In 2020, there was this idea that ticket-splitting was going to increase, but actually, there was considerably less ticket-splitting than we were expecting. Democrats really expected our Senate candidates to overperform Biden. That didn’t happen at the rates the public polls suggested they would. There’s a pretty similar story you can tell about the U.S. House. This decline in ticket-splitting means that when people are voting on their local House candidate, they’re increasingly doing that on the basis of the news they read about the national Democratic Party. And this creates a hard tradeoff: It’s no longer true, in a way that might have been true 20 or 30 years ago, that someone in a safe seat can say whatever they want to energize the base without creating consequences in swing districts. Now, that doesn’t mean that Abigail Spanberger, for instance, should control the exact contents of what gets said, but it really highlights the importance of being disciplined and embracing things that are popular and not embracing things that are unpopular. I think that AOC has proposed a lot of things that are incredibly popular. The Loan Shark Prevention Act, which caps credit card interest rates at 15 percent — in the New Progressive Agenda Project polling we did with Sean [McElwee], where we have pro and con arguments, this was one of the most popular policies we ever tested.

But now that we have this increased polarization, we can’t escape that. There are very real tradeoffs to talking about things that aren’t popular. Obviously, there’s a lot of disagreement about what is popular and what isn’t, and polling is hard. It’s very easy to create polls that make single-payer health care popular or background checks [for gun purchases] popular. But then when these things show up at the ballot box in various ways, they end up losing. The things that liberals want — or that the left wants — some of them are very popular and some aren’t, and I think we have to be honest with ourselves about which is which. And that can be difficult, both from a coalition perspective and emotionally, but the importance of it is very high.

You know, there was a point where Republicans were losing a lot of elections because of the failure to impose message discipline. In 2012, Democrats won two Senate seats — and probably more, when you think of the national implications — because Republican politicians made very unpopular statements about reproductive choice.

Since then, they’ve done, I think, a much better job. Even though a lot of Republican activists really want to eliminate the capital-gains taxes or legalize machine guns or make it easier to pollute rivers, they don’t go out and hold their politicians accountable on those issues. They’re not demanding that of Republican politicians. And Ted Cruz isn’t out there tweeting that we need more assault rifles on the streets. He is instead doing message-tested propaganda.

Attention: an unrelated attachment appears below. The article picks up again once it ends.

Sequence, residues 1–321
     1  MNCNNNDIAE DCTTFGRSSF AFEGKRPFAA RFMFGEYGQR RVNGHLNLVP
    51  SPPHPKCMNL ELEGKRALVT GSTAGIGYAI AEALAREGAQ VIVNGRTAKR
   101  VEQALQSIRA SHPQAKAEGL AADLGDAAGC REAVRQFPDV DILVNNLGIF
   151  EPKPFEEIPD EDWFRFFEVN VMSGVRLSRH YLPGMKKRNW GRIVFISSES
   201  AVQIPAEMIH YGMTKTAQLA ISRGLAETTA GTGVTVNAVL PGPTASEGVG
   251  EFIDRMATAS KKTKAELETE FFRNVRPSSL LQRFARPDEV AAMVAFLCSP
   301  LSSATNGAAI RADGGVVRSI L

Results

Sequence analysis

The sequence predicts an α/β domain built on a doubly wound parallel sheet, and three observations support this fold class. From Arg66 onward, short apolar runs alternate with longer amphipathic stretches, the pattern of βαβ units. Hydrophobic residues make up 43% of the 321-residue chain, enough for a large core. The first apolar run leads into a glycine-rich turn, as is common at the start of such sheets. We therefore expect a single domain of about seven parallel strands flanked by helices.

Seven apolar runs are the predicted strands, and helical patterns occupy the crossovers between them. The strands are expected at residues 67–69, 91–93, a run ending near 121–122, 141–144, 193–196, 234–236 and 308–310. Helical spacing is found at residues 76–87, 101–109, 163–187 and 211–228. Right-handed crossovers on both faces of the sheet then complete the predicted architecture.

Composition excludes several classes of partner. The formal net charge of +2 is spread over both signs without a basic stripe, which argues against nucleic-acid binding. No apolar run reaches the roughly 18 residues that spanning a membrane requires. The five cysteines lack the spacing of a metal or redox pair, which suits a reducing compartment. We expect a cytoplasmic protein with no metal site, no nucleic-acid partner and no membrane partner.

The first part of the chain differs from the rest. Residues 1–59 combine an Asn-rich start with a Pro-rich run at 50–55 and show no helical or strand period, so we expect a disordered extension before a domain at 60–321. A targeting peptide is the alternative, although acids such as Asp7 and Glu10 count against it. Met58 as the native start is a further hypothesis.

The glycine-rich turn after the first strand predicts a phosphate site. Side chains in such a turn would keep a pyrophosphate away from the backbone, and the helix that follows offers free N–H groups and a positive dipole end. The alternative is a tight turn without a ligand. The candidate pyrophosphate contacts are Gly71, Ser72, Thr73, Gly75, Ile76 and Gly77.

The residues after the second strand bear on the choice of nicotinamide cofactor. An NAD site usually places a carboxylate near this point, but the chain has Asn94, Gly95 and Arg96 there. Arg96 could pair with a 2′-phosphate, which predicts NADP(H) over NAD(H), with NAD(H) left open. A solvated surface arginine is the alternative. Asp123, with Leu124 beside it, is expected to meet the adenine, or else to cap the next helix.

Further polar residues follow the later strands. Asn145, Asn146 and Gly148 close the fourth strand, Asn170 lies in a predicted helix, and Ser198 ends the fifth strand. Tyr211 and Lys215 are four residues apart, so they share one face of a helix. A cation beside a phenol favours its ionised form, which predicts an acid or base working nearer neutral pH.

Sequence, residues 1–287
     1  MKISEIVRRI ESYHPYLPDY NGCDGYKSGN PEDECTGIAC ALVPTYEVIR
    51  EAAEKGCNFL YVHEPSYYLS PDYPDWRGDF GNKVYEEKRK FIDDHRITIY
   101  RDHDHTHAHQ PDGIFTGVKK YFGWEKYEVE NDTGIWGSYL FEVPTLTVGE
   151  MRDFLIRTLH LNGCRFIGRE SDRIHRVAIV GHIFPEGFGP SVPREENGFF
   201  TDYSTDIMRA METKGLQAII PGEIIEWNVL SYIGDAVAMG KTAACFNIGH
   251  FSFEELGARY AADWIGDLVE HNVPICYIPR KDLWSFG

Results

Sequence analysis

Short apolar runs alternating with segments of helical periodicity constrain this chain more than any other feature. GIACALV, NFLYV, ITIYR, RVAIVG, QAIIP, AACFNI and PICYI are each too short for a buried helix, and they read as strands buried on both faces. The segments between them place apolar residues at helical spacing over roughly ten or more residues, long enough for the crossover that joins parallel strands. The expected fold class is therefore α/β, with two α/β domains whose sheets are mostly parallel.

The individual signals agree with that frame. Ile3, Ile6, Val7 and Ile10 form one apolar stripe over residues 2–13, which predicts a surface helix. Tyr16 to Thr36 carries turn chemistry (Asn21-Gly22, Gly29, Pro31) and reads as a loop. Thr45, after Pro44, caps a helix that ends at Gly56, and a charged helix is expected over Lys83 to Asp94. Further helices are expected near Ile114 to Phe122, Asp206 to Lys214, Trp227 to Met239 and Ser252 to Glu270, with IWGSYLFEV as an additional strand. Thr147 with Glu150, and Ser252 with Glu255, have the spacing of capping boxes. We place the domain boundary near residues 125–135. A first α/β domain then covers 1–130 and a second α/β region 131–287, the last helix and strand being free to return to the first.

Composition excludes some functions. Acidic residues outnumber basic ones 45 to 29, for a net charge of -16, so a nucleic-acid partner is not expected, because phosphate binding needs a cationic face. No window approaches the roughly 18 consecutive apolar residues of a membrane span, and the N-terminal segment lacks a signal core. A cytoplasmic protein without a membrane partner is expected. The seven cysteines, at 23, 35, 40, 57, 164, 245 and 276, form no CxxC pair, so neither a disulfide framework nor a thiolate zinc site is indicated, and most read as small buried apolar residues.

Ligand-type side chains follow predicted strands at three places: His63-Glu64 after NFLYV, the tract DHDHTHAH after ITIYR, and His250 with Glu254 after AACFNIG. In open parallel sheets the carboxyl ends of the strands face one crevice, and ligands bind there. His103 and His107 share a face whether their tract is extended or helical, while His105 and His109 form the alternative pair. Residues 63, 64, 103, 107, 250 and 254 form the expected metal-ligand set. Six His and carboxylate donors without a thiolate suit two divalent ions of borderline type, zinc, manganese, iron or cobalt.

There is a real existential question: What is activism for? What is public communication for? We should be pushing things that we think are going to move voters in a direction that we want. People can have reasonable disagreements about what those things are, but there are some issues that are clearly not on that side.

In Congresswoman Ocasio-Cortez’s interview with the New York Times, much of her critique was about strategy and tactics — spending money online in the closing weeks of the election, or suggesting that Democrats should respond to high levels of white support for Trump by investing in “anti-racist deep canvassing” throughout the country. How should Democrats deal with flagging support among white voters? What does the data say about whether something like “anti-racist deep canvassing” would actually be productive?

The important thing to remember about campaigns, big picture, is this: The average voter in a general election is something like 50 years old — in a midterm or primary, it’s higher. They don’t have a college degree. They watch about six hours of TV a day — that’s the average; there are people who watch more. They generally don’t read partisan media. They still largely get their news from mainstream sources. They’re watching what’s on the ABC Nightly News. Maybe they see some stuff on Facebook, but it’s really mostly from mainstream sources.